The most common cause of paraplegia is damage to the spinal cord. These injuries cut off the brain’s ability to send and receive signals to areas below the site of the injury. Causes of paraplegia also include:
- Spinal cord infections
- Spinal cord lesions
- Brain tumors
- Brain infections
- Severe nerve damage, though this is rare
- Brain or spinal cord oxygen deprivation
- Caused by:
- Surgical accidents
- Caused by:
- Congenital malformation of the brain and spinal cord
Causes of Quadriplegia
Severe spinal cord or brain injuries sustained in car accidents, assault, sporting injuries, or slip and falls commonly cause quadriplegia. Other causes include:
- Brain injuries due to illness, infections, or stroke
- Loss of oxygen to the brain or spinal cord due to choking, anesthesia-related accidents, anaphylactic shock
- Spinal and brain lesions
- Spinal and brain tumors
- Spinal and brain infections
- Catastrophic nerve damage throughout the body
- Congenital abnormalities
- Early brain injuries due to a birth injury or pre-birth injury
- Allergic reactions to drugs
- Drug or alcohol overdoses
Factors to Consider When Defining Paralysis
Location is not the only factor that doctors consider when defining what type of paralysis a patient has. Other factors and definitions include:
The severity of paralysis is described by one of two terms: partial or complete. With partial paralysis, a patient has some feeling and control over the muscles in the affected areas. With complete paralysis, the patient has no feeling or control.
Depending on the cause and severity of the injury, paralysis may be temporary or permanent.
Paralysis can be either spastic or flaccid, depending on how it affects your muscles. In flaccid paralysis, your muscles become weak and atrophy. In spastic paralysis, your muscles can twitch or spasm and may become tight and hard.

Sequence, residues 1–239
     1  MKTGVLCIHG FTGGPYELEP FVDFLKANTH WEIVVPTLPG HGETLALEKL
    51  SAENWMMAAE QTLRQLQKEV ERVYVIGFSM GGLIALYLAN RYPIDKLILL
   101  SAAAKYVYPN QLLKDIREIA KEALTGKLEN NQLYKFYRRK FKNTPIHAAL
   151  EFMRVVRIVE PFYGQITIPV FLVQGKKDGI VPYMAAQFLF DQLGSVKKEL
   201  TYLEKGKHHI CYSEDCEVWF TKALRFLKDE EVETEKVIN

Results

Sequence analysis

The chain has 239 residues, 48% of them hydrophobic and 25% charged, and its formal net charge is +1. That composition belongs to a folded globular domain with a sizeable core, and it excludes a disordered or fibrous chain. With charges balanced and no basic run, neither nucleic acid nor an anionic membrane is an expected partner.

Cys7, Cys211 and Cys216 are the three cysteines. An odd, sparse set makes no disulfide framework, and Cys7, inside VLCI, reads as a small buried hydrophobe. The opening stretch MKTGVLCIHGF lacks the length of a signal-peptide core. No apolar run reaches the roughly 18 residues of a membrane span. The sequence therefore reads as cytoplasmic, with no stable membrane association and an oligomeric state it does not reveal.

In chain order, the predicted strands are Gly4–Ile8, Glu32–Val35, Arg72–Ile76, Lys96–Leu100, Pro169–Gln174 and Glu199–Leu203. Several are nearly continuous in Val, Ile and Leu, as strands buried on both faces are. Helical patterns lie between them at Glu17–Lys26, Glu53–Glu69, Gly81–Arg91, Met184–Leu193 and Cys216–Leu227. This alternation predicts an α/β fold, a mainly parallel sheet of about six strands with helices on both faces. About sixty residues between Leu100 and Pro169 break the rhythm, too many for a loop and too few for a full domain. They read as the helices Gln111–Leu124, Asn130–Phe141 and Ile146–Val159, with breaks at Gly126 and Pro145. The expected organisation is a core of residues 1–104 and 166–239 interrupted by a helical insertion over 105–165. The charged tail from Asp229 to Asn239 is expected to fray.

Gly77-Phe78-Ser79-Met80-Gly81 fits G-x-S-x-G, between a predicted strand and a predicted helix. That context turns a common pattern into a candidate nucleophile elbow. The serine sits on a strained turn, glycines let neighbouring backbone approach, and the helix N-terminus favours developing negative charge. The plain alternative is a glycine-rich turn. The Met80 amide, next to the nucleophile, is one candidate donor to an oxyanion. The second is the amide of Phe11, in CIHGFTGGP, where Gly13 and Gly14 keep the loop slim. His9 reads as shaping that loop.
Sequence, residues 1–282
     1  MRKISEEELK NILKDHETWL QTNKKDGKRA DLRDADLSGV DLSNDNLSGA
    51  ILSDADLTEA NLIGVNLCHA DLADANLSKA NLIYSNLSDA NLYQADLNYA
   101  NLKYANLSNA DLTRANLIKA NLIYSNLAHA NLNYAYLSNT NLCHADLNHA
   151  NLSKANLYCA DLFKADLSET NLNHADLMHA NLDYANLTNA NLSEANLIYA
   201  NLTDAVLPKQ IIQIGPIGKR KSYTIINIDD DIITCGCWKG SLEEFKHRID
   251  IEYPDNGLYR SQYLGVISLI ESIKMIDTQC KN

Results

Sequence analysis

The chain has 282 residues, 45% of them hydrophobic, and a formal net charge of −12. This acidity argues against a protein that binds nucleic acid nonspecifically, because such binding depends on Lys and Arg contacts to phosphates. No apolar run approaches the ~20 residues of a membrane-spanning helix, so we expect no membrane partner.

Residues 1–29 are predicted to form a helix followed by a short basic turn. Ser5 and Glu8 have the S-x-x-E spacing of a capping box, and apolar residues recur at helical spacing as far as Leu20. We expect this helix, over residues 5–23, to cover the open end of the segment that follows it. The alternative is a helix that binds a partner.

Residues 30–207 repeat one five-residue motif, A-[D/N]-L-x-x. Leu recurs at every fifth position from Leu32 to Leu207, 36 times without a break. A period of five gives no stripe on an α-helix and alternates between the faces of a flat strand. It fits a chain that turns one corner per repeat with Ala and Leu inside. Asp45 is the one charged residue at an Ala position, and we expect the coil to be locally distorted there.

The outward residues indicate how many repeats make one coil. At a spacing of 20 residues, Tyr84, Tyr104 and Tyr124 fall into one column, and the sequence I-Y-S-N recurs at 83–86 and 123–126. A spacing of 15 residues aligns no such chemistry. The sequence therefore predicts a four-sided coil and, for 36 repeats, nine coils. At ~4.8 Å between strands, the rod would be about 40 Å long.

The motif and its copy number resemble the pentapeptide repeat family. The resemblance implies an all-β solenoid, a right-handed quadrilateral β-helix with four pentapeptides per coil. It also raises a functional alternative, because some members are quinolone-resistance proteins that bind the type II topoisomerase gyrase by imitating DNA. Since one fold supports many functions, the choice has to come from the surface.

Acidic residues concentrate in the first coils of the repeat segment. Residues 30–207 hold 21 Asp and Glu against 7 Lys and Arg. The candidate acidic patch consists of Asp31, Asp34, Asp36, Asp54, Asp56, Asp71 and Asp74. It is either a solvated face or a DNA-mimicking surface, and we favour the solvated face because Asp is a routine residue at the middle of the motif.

Are There Treatments for Paralysis?
There are treatment options available for people who suffer paralysis after an injury, including surgery, physical therapy, occupational therapy, medication, and more. The type of treatment prescribed depends primarily on the type, severity, and prognosis of the injury in question.
If the paralysis is considered temporary or reversible to some extent, treatment may involve surgery to stabilize the area followed by physical therapy to strengthen muscles and improve motor function. If paralysis is incurable, it may be treated symptomatically. For example, muscle relaxers are often used to control the spasms associated with spastic paralysis.
New and exciting treatments are also on the horizon. Stem cells have shown remarkable ability to heal and regenerate damaged tissue, making them ideal for treating paralysis.
Prognosis for People Paralyzed Due to Injury
There is always some hope of recovery with spinal cord injuries. Of course, prognosis is highly dependent on the type and severity of the paralysis. Incomplete spinal cord injuries offer the most hope for recovery. However, even people with complete paralysis have been able to regain some function with early intervention.
Most improvement after a spinal cord injury occurs within the first two years, the first year usually being the hardest. Intense physical and occupational therapy is required during this time to restore as much function as possible to the affected area.
If you’ve been injured in Abilene, TX, call Hernandez Law Group today to learn more about your rights and responsibilities. Juan Hernandez is a Texas board-certified personal injury attorney—a designation that only two percent of Texas attorneys share.